Valve actuation is positively assisted by the movement of plungers 40 which push the spool valve 50 when a fluid conveying or motion control orifice 41 is blocked. Water or similar first pressure fluid from port 10 is directed to plunger supply port 42 by a passageway (not shown) which is connected to a fixed flow control orifice 43 which restricts flow to the plunger piston 40. The end of the plunger 40, which can come in contact with pin ends 22A and 22B, contains a small motion control orifice 44 which is much less of a restriction than the flow control orifice 43. When the plunger end motion control orifice 44 is not blocked by valve pins 22A and 22B the plunger piston pressure is at the same level as chamber pressures "A" and "B". Because no difference in pressure exists across the plunger piston 45, the plunger is held retracted by a spring 46. Once the piston 2 moves so that the pin ends 22A or 22B restrict flow through the motion control orifice 44, pressure rises behind the plunger piston 45 and the plunger moves toward chambers "A" or "B" and thereby assists in moving the valve. The rate at which the plunger extends is determined by the size of the fixed flow control orifice 43. Once the plunger extends to the point where a pressure reversal between "A" and "B" is attained, the remainder of the valve switch occurs due to the reversing pressures. Once the pin ends 22A or 22B are no longer in contact with the motion control orifice the plunger piston pressure drops and the spring retracts the plunger 40.
The addition of this device to the invention ensures that a valve switch will occur under all conditions.
The reciprocating motion thus created varies volume L and R. Upon increasing volume at L or R emulsion from the reservoir tank is drawn in via check valves 5L and 5R to volumes L and R respectively and upon decreasing volumes, at L and R, are expelled to the operating systems through check valves 6L and 6R. In this manner as one skilled in the art will now readily understand the power from the inlet supply water is supplied to the piston and in turn converted or transformed to pressure fluid in the emulsion side for use elsewhere.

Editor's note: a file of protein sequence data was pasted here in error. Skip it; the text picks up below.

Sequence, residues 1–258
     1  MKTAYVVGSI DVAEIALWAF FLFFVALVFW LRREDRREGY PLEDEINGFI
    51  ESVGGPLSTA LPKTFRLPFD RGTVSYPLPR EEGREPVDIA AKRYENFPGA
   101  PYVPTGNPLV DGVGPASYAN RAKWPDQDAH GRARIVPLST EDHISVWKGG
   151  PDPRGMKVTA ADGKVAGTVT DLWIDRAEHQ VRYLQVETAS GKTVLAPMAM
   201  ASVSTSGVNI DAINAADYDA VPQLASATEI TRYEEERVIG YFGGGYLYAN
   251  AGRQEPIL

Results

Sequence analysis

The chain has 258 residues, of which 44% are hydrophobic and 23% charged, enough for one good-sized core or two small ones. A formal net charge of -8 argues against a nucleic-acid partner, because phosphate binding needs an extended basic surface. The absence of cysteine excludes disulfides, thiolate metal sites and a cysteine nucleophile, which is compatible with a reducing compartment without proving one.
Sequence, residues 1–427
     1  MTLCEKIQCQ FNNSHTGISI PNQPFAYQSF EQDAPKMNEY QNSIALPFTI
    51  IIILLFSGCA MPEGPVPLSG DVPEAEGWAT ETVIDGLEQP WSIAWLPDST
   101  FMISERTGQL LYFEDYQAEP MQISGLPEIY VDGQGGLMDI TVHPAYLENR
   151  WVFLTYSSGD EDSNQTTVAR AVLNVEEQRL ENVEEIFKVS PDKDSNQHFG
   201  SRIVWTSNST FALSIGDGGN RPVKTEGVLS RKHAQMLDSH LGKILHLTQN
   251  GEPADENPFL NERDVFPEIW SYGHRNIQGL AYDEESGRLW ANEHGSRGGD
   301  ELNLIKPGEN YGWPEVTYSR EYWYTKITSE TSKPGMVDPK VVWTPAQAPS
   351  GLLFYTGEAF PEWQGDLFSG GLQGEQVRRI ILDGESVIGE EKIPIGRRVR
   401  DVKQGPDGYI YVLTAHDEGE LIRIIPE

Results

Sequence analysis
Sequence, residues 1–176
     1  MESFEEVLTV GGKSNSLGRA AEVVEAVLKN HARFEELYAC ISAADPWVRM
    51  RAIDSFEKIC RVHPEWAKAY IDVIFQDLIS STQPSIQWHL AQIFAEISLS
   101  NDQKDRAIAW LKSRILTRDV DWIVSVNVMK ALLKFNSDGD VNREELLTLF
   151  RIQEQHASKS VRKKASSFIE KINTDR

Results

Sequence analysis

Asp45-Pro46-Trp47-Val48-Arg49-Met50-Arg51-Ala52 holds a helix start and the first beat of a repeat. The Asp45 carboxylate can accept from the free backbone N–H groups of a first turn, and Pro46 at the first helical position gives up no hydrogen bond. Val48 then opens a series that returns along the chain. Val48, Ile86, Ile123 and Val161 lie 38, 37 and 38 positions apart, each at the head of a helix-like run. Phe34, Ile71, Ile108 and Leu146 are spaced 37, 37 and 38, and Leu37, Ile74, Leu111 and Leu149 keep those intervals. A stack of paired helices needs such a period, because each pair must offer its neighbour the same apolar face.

In a second preferred application, two different second pressure fluids may be supplied and compressed, one at each end of the device described, or the same second pressure fluid may be supplied in equal proportion to two different operating machines.
In another preferred application shown in FIG. 3 a smaller (as depicted) or larger diameter bulbus end 15 may be used on either side in cooperation with a greater or smaller bore in the piston 2' as a means of directly proportioning one fluid or two different fluids as a proportioned supply. In this way it is possible for two or three fluids to be directly proportioned in different proportions, for example a first fluid may be compressed and supplied to port 10, a second fluid supplied at check valve 5L and the second or a third fluid supplied at check valve 5R. It should be obvious to one skilled in the art that proportioned fluid amounts will be supplied at port 11 and check valves 6L and 6R on each stroke of piston 2.
Having described my invention in terms of a preferred embodiment I do not wish to be limited in the scope of my invention except as claimed.